- A Simpler Fabrication Technique for LEDs
The final step in fabricating an LED involves packaging the bare LED chip in an epoxy encapsulation. The epoxy not only protects the chip physically but also serves as a lens to focus the light emitted by the chip. Typically, this encapsulation step is performed by placing a mold around the chip, injecting an epoxy resin into the mold and curing the epoxy either at high temperature or with ultraviolet light.
Figure 1. Schematic depicting steps involved in the active packaging process for LED fabrication without a mold: (a) a bare LED chip, (b) coating (or immersion) of the bare LED chip with epoxy resin, (c) curing of the resin on the LED chip by emission from the LED itself, and (d) the final self-packaged LED after washing away any uncured resin.
Recently, professor Yong-Hoon Cho and his postdoctoral researcher Hao Wang, working at Chungbuk National University in Cheongju, and their collaborators at Chonbuk National University in Jeonju, both in South Korea, explored a simple alternate technique in which the bare LED chip is immersed in (or coated with) epoxy resin, and the resin is subsequently cured by emission from the LED itself (Figure 1).
The researchers discovered that the elimination of the mold significantly simplifies the fabrication process without sacrificing the ability to shape the epoxy into an effective lens. They used a mixture of commercially available resins whose spectral absorption region extended from about 460 nm to the ultraviolet. The InGaN-based LED chip emitted at 455 nm with a spectral width of 15 nm, and the spectral overlap was sufficient to cure the epoxy. Afterward, the uncured resin was washed off the encapsulated LED with an acetone bath.
Figure 2. Cross-sectional plots of the hardened epoxy along with the LED chips are shown in the form of red bars at the bottom. In the left image, current varying from 1 to 30 mA (PC1 to PC4) was applied for a total of 1 ms. In the right image, a constant current of 1 mA was applied for a period varying from 1 to 4 s (PT1 to PT4). Reprinted with permission of IEEE Photonics Technology Letters.
The shape of the cured epoxy shell around the LED depends both on the current applied to the LED during the curing process and on the length of time during which the current was applied (Figure 2). Not surprisingly, both higher currents and longer exposures result in a greater volume of hardened epoxy.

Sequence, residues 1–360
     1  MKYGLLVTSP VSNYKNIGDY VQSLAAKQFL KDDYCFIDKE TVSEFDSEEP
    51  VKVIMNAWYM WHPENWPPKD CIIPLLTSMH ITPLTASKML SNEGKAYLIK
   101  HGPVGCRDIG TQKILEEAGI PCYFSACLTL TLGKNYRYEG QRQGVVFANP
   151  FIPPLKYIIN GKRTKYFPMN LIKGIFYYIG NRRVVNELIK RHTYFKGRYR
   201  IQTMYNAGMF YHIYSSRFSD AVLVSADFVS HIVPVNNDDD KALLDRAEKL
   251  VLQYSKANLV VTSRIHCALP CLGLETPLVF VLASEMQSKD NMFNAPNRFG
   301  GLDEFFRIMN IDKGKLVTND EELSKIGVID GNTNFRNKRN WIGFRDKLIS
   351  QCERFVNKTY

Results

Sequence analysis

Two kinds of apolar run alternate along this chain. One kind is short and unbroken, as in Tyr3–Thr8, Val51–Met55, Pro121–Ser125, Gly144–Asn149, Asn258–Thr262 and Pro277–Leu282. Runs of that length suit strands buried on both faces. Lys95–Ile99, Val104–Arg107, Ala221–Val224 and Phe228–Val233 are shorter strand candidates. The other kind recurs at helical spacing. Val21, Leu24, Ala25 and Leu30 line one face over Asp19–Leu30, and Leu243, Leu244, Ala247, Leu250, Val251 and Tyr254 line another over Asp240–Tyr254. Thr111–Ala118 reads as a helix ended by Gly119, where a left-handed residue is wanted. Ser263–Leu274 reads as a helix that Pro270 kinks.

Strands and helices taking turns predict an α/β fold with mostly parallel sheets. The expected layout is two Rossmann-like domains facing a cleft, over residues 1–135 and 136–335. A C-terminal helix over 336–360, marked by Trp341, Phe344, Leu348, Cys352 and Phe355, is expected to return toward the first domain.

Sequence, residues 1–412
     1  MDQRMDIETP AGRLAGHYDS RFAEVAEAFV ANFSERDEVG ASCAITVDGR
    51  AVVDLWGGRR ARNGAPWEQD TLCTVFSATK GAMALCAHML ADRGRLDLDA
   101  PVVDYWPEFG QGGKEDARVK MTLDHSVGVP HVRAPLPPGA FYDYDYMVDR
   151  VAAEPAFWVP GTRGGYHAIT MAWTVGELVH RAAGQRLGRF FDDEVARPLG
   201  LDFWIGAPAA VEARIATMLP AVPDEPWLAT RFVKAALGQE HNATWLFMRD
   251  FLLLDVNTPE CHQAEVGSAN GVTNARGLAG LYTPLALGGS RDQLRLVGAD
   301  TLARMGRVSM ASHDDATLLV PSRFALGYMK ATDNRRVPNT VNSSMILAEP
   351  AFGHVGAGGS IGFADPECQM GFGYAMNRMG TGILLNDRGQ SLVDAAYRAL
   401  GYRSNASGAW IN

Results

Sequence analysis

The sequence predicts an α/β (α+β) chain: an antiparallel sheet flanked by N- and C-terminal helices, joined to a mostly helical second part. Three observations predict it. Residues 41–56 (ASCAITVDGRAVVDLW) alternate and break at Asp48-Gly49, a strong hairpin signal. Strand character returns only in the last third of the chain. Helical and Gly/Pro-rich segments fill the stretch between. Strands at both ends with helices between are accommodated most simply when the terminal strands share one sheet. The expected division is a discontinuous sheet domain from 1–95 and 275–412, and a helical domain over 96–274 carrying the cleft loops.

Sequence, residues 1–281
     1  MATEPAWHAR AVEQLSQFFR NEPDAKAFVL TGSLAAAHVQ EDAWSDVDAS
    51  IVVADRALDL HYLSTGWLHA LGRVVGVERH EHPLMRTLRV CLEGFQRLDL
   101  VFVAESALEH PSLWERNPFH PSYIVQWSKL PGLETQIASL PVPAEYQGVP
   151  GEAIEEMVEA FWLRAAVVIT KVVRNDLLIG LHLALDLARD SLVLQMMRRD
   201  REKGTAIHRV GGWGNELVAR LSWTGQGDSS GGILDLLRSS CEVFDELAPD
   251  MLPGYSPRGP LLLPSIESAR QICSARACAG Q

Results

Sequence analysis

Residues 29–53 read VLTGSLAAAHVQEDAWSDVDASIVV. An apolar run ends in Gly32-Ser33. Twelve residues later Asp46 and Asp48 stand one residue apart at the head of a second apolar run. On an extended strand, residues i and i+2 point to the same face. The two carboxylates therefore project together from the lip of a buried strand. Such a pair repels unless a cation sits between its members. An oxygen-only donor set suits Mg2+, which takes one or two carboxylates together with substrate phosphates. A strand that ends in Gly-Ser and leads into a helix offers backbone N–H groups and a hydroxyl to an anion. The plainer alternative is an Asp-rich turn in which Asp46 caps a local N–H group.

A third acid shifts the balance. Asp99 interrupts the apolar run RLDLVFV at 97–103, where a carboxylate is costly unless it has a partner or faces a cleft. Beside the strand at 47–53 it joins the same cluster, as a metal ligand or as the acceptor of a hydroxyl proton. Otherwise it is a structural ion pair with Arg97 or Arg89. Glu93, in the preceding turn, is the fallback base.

The scientists measured the angular beam profiles of the light emitted by the different encapsulated LEDs shown in Figure 2. They found that longer exposure time as well as higher currents resulted in greater focusing in the emitted light, and they concluded that a self-focusing effect was present in the curing process. During the curing process, as the beam became increasingly focused in a given direction, more resin was cured along that direction, leading to an enhancement of focusing in that direction (Figure 3).
Figure 3. Angular distribution of light emitted from various types of LEDs (corresponding to Figure 2) show an increase in focusing with an increase in current (above) or exposure time (below). Reprinted with permission of IEEE Photonics Technology Letters.
The surfaces of the self-cured LED were not as smooth as those of commercially available molded LEDs. The scientists believe that further refinements in the epoxy composition, in the curing process and in the postcuring acetone bath could result in smoother surfaces. However, rough surfaces are not necessarily bad and actually may be advantageous in applications requiring diffuse light.
IEEE Photonics Technology Letters, Jan. 15, 2008, pp. 87-89.
- Common name for a variety of adhesives used for lens bonding, fiber optic splicing and other photonics applications. The term is actually a prefix denoting the presence of an epoxide group in a molecule.
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